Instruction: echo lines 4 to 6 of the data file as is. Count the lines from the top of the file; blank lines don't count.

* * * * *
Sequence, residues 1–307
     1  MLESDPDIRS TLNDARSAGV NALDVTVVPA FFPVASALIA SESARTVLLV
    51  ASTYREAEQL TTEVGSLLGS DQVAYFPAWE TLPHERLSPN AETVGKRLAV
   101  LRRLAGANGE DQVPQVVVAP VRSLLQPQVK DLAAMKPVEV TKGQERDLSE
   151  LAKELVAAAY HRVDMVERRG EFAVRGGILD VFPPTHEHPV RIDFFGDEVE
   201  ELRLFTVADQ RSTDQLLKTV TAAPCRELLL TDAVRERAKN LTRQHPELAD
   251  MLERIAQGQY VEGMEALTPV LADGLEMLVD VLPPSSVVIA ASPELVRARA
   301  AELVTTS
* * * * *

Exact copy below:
   101  LRRLAGANGE DQVPQVVVAP VRSLLQPQVK DLAAMKPVEV TKGQERDLSE
   151  LAKELVAAAY HRVDMVERRG EFAVRGGILD VFPPTHEHPV RIDFFGDEVE
   201  ELRLFTVADQ RSTDQLLKTV TAAPCRELLL TDAVRERAKN LTRQHPELAD